Jake Epstein, Thomas E. Sullivan


by Sonia Roberts


In Scott Elmegreen and Drew Fornarola’s Straight, we find out that “Not every gay guy burps, like, glitter,” which is certainly true, but not exactly new information, at least to a New York City audience. Ben (Jake Epstein), a 26 year-old (though by how often he’s teased for being old in this play, you’d think he’d be at least forty) investment banker with the perfect Ph.D.- candidate girlfriend and action figures decorating his otherwise sterile apartment, decides to mix it up by meeting Chris (Thomas E. Sullivan), a 20 year-old college student on a hookup app. They’re both closeted with everyone else apart from each other, and quickly bond on a deeper level that’s more than just physical. Soon enough Ben is living the ultimate double life, falling deeper into lies with Emily (the girlfriend, Jenna Gavigan) as he postpones and almost extinguishes the possibility of them moving in together while Chris regularly spends the night at his apartment. The cause of all these lies? Shame, and fear of being stereotyped as “the gay one” for the rest of his life.


The best-written character is Chris, who functions behind a wall of wit and sarcasm that fades away and leaves us with a vulnerable young man who has fallen deeply in love. His arc is clear and entertaining, and Sullivan pulls off a multidimensional performance that begs the other two characters to have been developed enough for Epstein and Gavigan to be able to show their best chops. Ben and Emily are underdeveloped – we know little to nothing of Ben’s upbringing, and though there are attempts to show Emily as a strong female character who works hard in a competitive field, they’re contradicted when we see her beg Ben not to break up with her after he doesn’t reciprocate her desire to live together – she’s been painted as smart enough to call it quits just based off that alone, but instead she pleads with him, and it’s confusing and doesn’t match how she’s been set up for us.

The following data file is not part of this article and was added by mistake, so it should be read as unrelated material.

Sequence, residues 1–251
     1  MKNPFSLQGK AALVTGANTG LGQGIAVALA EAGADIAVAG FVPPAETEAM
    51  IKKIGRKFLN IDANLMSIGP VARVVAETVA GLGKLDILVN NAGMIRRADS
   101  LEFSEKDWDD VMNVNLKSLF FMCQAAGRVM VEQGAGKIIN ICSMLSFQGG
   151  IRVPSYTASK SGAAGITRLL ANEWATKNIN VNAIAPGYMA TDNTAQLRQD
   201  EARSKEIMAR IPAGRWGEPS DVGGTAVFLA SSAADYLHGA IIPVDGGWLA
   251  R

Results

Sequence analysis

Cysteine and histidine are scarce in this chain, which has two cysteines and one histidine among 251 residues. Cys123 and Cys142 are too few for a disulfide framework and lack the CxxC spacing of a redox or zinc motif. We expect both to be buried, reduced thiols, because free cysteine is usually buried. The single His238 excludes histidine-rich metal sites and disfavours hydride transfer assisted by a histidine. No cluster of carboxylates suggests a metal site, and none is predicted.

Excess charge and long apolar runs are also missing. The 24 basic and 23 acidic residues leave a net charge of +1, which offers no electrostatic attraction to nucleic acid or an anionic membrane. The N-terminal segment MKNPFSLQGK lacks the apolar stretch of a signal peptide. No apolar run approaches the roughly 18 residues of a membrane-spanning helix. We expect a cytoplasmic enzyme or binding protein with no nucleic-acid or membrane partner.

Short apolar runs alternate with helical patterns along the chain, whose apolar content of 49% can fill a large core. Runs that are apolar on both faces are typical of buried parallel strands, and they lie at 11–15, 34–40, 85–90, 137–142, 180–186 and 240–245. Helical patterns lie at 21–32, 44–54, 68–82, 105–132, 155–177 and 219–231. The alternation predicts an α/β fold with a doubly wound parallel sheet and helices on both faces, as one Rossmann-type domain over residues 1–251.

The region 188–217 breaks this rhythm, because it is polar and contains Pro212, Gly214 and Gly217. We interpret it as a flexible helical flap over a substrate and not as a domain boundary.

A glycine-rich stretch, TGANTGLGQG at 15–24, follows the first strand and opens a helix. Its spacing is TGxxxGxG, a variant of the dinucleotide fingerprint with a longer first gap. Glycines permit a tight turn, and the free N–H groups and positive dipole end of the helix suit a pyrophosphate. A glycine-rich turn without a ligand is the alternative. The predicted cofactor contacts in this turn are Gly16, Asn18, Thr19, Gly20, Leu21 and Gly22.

Jake Epstein, Jenna Gavigan


The play’s most significant weakness is that Ben’s internal struggle is neither believable nor relevant as this is present-day Boston, not some small, conservative town. Epstein does the best he can with an underwritten part and a central conflict that doesn’t seem justified considering the otherwise accepting world Elmegreen and Fornarola have constructed for us – he even specifies that Massachusetts was the first state to legalize gay marriage. Not wanting to be seen as gay, nothing else is absolutely a valid reason for having a hard time coming out, but knowing Ben’s circumstances; well-educated, in a liberal city, seemingly no homophobic family or friends in his life . . . it’s hard to believe that the fear of a label is what drives him into drawing out this lie further and further to protect. . .who? Himself? Emily, someone who he still loves and respects, but who seems perfectly capable of grieving a breakup and then moving on?


Director Andy Sandberg tries to keep the pace moving, but Elmegreen and Fornarola’s long, mostly two -person scenes, that revolve around a couch, make it difficult. The ending is a twist that feels abrupt and un-earned, though perhaps with an intermission and a more developed second act, its consequences might be further explored and head into interesting territory that could keep Straight from feeling so dated (the choice to keep Gavigan in rotating turtlenecks doesn’t help). Straight might have felt topical 30 years ago, but in 2016 feels as though it was written in a wildly different reality.
Straight – Running through May 8 at the Acorn at Theater Row, 410 W. 42nd St.